There's only so much you can say about portable batteries. Power goes in, power goes out, phone charges up. Here at Android Police, we generally just recommend that people buy the biggest battery with the smallest price tag, which usually ends up being one of the various Anker models sold on Amazon. But manufacturer UNU is trying to shake things up with the new Ultrapak Tour series, which they claim charge in a fraction of the time of standard external lithium-polymer battery packs.
The Penny Arcade Expo, better known as PAX, has been doing its thing in various cities for ten years now. If you haven't heard of it, it's basically a tiny microcosm of video game trade shows put on with the intention of welcoming actual gamers and fans instead of press or investors. The Expo is put on by the creators of the long-running Penny Arcade web comic and their team, hence the name.
Nokia is generally regarded as the best maker of Windows-powered phones on the market, which is probably why Microsoft snatched them up. While most of that attention is focused on the Finnish company's solid hardware, Nokia's custom HERE mapping platform has also received rave reviews, with many saying it outperforms Microsoft's own maps. Now Nokia is bringing a beta version of HERE Maps to Android... but strangely, only on Samsung hardware.
Welcome to the latest entry in our Bonus Round series, wherein we tell you all about the new Android games of the day that we couldn't get to during our regular news rounds. Consider this a quick update for the dedicated gamers who can't wait for our bi-weekly roundups, and don't want to wade through a whole day's worth of news just to get their pixelated fix. Today we've got a stylish platformer, a high-tech space fighter, a superhero novel-book, a turn-based roguelike, and a zombie pinball table.
I used the Motorola DROID RAZR M as my primary phone for over six months. I was in between jobs, my not-so-trusty Galaxy Nexus had been smashed, and I knew from previous experience that Motorola's resurrected RAZR line had tough builds and good radios. While it was ostensibly a "budget phone," that ugly little DROID RAZR M was the most reliable Android device I had ever owned. When I got back on my feet, I skipped flagships from Samsung, LG, and HTC, and went straight for Motorola's next DROID phone.
Aside from its round P-OLED screen and stylish case design, the G Watch R is remarkably similar to the original LG G Watch. But as just about anyone could guess, consumers will be paying a premium for that style when the round Android Wear device is released later this year. If LG's German press release announcing the G Watch R is accurate, it's going to be quite a premium indeed. The PR lists the suggested retail price as 299 euro, a full €100 more expensive than the G Watch.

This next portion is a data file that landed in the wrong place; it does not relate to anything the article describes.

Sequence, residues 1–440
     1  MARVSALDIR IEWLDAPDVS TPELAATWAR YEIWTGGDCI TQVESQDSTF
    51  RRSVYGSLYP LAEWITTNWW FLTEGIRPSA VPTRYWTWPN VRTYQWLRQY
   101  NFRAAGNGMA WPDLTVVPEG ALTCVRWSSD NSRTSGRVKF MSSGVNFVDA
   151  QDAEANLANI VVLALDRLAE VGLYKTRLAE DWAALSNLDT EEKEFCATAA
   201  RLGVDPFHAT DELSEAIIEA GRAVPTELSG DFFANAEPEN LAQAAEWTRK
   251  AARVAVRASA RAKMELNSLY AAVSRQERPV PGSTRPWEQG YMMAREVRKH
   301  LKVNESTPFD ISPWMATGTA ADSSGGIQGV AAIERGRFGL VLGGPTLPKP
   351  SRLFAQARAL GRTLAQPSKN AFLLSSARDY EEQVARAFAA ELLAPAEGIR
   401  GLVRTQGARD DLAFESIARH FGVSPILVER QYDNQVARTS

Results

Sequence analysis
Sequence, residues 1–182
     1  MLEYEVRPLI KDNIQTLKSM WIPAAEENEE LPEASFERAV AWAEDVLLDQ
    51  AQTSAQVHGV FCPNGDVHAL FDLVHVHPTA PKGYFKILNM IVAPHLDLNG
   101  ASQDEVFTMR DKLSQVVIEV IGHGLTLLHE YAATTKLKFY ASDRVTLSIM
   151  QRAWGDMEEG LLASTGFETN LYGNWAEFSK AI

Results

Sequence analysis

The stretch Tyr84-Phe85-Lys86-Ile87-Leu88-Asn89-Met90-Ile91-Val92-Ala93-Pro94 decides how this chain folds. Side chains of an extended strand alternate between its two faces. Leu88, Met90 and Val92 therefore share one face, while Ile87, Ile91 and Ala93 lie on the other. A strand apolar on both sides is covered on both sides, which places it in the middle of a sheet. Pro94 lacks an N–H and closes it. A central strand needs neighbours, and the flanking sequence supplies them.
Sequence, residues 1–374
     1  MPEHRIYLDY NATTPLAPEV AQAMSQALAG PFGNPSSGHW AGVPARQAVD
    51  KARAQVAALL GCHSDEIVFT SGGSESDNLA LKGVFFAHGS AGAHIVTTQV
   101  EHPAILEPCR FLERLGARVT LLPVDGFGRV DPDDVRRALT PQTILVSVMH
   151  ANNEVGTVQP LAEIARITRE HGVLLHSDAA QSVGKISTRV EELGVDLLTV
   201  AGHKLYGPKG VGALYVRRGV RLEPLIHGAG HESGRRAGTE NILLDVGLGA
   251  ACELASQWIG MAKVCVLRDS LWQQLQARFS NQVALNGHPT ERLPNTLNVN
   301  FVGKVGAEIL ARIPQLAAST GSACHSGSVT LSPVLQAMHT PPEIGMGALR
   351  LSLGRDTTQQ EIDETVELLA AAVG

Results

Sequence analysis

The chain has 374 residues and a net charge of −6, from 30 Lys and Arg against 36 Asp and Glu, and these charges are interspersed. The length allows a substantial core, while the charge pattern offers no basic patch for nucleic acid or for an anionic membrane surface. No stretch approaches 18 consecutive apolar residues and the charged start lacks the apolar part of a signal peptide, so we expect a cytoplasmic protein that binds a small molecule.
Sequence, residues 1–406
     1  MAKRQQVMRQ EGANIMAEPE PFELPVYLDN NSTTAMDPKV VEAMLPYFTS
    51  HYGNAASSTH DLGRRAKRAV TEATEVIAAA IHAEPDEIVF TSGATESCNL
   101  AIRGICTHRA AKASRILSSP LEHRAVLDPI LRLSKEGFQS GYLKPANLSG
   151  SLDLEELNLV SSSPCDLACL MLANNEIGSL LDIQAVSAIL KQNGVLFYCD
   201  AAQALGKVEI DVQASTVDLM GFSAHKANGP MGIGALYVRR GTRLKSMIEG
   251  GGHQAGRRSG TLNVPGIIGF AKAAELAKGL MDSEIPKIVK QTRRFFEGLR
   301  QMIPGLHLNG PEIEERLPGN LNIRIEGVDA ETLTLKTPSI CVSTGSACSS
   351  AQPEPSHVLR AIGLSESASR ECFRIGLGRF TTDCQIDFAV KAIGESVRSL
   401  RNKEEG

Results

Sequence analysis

There's a minor movie trope where an inexperienced character sits down at the controls of a complex vehicle, confident in his or her ability to handle the situation. Hilarity, as decreed by the ancient comedic formulas, ensues. ALONE... will make you fell like that poor sap, as a light-speed space capsule blasts across the screen maneuvered by some of the tightest, twitchiest touch controls I've ever seen. ALONE is a $2.47 with no in-app purchases.
Update: A Google representative reached out to inform us that the bug report feature only appears if your phone is also in developer mode (tap repeatedly on the Build Number in the "About Phone/Tablet" menu). You may need to enable developer mode on Android Wear as well, as one commenter points out.
If you've found a problem with your Android Wear watch, you can now submit a bug to wearable app developers.
If you're a Norwegian Android developer, you might want to consider attending JavaZone, an independent Java programming and development conference being held in Oslo from September 9th through the 11th. If you're not, you can still enjoy this parody trailer for the event posted to the group's YouTube page. If you're at work or in public, heads up: the video below has some mild swearing.
To get all the in-jokes here you'd probably need a programming undergrad degree, a passing knowledge of George R.
Remember when T-Mobile announced plans that included Music Freedom, which let users stream music from certain services without impacting their wireless data limits? Remember when it didn't include [insert your music streaming service of choice here], so you ignored it? Actually that isn't quite fair: Music Freedom support currently includes Pandora, Spotify, and iHeartRadio, which are the heavy hitters in the industry. But it's hard to deny that a lack of support for Google Play Music was kind of disheartening.